Israeli start-up SupPlant has raised $27 million from several financial partners for smart irrigation in its markets in Africa and India.
SupPlant’s fundraising has attracted several investors. In addition to Red Dot Capital Partners, the Israeli venture capital firm that arranged the deal, the financial raise saw participation from the Menomadin Foundation, Smart-Agro Fund, Mivtach Shamir, the Deshpande Foundation, Pioneer Bancorp Inc/NY (PBFS) and Maor Investments.
In all, SupPlant was awarded $27 million. The smart irrigation systems provider will use the funding to expand its operations in its new markets in Africa and India. On the African continent, the start-up has a presence in Kenya, where it provided data-driven irrigation recommendations to 500,000 female maize farmers during the recent agricultural season using its sensorless API technology.
Improving crop yields
The artificial intelligence-based technology translates weather conditions, which it then predicts into irrigation recommendations before transferring them to the farmer. The challenge is to identify the most impacted areas to rationalize water use in plantations, at a time when drought is hitting some African countries. SupPlant wants to equip one million small farmers in Africa and India with its API technology.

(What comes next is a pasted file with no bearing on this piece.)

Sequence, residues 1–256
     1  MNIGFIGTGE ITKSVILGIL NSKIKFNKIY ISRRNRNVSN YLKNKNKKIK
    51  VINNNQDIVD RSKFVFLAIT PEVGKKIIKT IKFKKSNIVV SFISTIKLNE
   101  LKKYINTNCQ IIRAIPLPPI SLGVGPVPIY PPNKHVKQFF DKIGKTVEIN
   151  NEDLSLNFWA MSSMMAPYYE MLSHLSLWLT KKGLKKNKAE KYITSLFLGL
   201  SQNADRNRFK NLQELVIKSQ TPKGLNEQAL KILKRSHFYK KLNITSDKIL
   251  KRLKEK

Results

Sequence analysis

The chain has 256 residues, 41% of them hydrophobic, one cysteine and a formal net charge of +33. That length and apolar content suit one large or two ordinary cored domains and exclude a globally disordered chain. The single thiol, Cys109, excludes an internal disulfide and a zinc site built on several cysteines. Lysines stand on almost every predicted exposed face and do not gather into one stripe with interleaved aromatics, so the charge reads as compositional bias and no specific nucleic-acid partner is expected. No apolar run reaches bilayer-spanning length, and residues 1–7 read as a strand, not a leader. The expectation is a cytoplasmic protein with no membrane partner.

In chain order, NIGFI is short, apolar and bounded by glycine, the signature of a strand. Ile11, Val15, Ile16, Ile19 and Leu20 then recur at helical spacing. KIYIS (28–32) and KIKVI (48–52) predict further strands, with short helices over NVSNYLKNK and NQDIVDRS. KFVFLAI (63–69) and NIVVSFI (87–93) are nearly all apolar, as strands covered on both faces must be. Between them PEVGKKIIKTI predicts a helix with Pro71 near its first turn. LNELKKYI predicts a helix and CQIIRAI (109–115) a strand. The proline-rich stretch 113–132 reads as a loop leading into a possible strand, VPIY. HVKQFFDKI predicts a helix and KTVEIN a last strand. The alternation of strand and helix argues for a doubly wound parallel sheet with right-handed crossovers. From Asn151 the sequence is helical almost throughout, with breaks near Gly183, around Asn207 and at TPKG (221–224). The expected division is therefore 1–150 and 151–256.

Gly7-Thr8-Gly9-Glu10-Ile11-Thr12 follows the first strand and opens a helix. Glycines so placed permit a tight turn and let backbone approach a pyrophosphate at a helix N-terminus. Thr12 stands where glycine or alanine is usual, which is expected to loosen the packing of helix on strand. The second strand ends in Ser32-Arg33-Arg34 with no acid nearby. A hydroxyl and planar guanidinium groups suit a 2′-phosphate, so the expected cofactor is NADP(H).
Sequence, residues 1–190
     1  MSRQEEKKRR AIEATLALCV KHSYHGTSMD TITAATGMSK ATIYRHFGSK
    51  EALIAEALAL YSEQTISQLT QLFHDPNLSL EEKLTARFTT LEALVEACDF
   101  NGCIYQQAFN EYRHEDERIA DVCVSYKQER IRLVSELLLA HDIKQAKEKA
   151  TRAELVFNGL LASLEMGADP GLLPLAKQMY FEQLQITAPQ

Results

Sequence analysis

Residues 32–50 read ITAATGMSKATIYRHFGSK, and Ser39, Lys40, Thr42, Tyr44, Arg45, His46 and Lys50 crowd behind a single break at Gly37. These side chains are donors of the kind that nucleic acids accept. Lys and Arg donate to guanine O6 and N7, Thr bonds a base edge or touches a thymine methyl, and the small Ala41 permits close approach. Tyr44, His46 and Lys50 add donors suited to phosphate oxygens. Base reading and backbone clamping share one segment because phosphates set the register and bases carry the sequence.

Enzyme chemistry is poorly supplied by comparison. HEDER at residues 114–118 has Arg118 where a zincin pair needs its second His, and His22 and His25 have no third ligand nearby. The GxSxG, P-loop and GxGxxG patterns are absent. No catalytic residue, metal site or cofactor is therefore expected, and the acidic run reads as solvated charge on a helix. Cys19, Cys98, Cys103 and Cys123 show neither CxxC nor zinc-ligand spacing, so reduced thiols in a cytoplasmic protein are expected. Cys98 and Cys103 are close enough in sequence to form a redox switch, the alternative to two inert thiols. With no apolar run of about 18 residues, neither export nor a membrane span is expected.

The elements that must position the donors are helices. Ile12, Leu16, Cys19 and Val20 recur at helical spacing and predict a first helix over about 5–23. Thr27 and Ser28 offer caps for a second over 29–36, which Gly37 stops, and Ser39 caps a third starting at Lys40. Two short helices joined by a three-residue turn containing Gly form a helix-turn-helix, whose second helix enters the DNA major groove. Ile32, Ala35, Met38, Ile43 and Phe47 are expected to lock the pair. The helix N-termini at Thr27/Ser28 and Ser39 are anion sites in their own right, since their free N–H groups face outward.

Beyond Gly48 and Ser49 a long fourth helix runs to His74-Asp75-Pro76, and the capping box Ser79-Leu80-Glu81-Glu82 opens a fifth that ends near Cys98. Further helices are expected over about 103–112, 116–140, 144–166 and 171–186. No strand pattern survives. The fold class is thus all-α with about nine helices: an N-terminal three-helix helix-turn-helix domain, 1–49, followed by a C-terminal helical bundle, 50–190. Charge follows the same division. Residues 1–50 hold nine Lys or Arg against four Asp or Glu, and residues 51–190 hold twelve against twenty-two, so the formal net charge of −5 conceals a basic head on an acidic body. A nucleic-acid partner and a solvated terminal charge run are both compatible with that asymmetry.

The Israeli company is also present in Morocco, where it recently expanded its activities. In the Kingdom of Morocco, SupPlant offers a system with sensors, different from the API technology. The sensors are placed on the soil, the path, the leaves, the foot and the fruit of the plant. Also based on artificial intelligence, the system collects plant size data every half hour and sends it to small farmers via a digital dashboard. Changes in plant size can signal that plants are under extreme stress from, for example, a heat wave or insufficient water supply.
Like Kenya, Morocco’s goal is to improve the resilience of smallholder farmers in drought-prone areas. The Moroccan government also wants to preserve the kingdom’s economy, which depends in part on the agricultural sector. According to the Moroccan High Commission for Planning (HCP), agriculture accounts for 15% of the national wealth produced each year, ahead of tourism and industry.